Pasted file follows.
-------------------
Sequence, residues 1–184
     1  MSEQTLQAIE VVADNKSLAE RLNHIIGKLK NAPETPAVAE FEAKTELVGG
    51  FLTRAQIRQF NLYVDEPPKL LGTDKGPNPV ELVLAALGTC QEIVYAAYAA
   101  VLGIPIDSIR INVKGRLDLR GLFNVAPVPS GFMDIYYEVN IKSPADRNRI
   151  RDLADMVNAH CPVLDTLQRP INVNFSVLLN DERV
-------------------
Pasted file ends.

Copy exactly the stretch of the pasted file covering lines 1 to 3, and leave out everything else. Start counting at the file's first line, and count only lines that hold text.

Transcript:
Sequence, residues 1–184
     1  MSEQTLQAIE VVADNKSLAE RLNHIIGKLK NAPETPAVAE FEAKTELVGG
    51  FLTRAQIRQF NLYVDEPPKL LGTDKGPNPV ELVLAALGTC QEIVYAAYAA